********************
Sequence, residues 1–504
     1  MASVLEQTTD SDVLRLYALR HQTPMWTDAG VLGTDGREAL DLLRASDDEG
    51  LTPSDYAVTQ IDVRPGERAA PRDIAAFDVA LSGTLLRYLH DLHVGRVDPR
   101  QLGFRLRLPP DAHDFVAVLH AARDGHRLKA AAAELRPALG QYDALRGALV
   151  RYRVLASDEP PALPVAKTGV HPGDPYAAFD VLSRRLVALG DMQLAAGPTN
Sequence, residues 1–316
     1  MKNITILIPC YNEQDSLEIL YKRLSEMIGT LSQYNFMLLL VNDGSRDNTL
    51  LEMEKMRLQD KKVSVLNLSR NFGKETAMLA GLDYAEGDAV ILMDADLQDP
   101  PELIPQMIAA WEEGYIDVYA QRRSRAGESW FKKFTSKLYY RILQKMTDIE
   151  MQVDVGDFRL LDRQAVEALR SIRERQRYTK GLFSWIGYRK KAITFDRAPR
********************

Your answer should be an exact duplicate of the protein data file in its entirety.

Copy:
Sequence, residues 1–504
     1  MASVLEQTTD SDVLRLYALR HQTPMWTDAG VLGTDGREAL DLLRASDDEG
    51  LTPSDYAVTQ IDVRPGERAA PRDIAAFDVA LSGTLLRYLH DLHVGRVDPR
   101  QLGFRLRLPP DAHDFVAVLH AARDGHRLKA AAAELRPALG QYDALRGALV
   151  RYRVLASDEP PALPVAKTGV HPGDPYAAFD VLSRRLVALG DMQLAAGPTN
Sequence, residues 1–316
     1  MKNITILIPC YNEQDSLEIL YKRLSEMIGT LSQYNFMLLL VNDGSRDNTL
    51  LEMEKMRLQD KKVSVLNLSR NFGKETAMLA GLDYAEGDAV ILMDADLQDP
   101  PELIPQMIAA WEEGYIDVYA QRRSRAGESW FKKFTSKLYY RILQKMTDIE
   151  MQVDVGDFRL LDRQAVEALR SIRERQRYTK GLFSWIGYRK KAITFDRAPR